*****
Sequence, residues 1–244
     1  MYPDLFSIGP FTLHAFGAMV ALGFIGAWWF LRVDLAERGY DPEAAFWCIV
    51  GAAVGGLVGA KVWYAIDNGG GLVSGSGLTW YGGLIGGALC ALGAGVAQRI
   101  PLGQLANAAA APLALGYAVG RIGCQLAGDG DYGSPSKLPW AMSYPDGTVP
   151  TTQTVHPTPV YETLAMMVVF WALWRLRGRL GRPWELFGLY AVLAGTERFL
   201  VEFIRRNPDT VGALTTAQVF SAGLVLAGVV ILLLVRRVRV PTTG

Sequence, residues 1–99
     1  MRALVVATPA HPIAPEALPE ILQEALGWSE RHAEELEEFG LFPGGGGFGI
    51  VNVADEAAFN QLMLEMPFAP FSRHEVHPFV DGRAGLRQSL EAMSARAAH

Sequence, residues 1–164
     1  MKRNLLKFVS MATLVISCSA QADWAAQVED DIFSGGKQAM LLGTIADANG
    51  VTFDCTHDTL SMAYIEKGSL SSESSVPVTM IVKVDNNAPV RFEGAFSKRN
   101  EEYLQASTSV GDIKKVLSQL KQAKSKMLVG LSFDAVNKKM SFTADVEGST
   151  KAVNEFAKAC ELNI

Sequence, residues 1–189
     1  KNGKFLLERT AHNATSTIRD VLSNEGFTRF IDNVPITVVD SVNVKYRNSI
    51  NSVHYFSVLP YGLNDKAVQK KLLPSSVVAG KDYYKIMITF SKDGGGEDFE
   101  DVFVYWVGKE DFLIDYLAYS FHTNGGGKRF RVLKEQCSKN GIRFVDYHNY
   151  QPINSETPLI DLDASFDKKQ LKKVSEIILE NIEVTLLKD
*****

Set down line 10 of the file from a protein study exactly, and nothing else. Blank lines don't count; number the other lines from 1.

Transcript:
Sequence, residues 1–164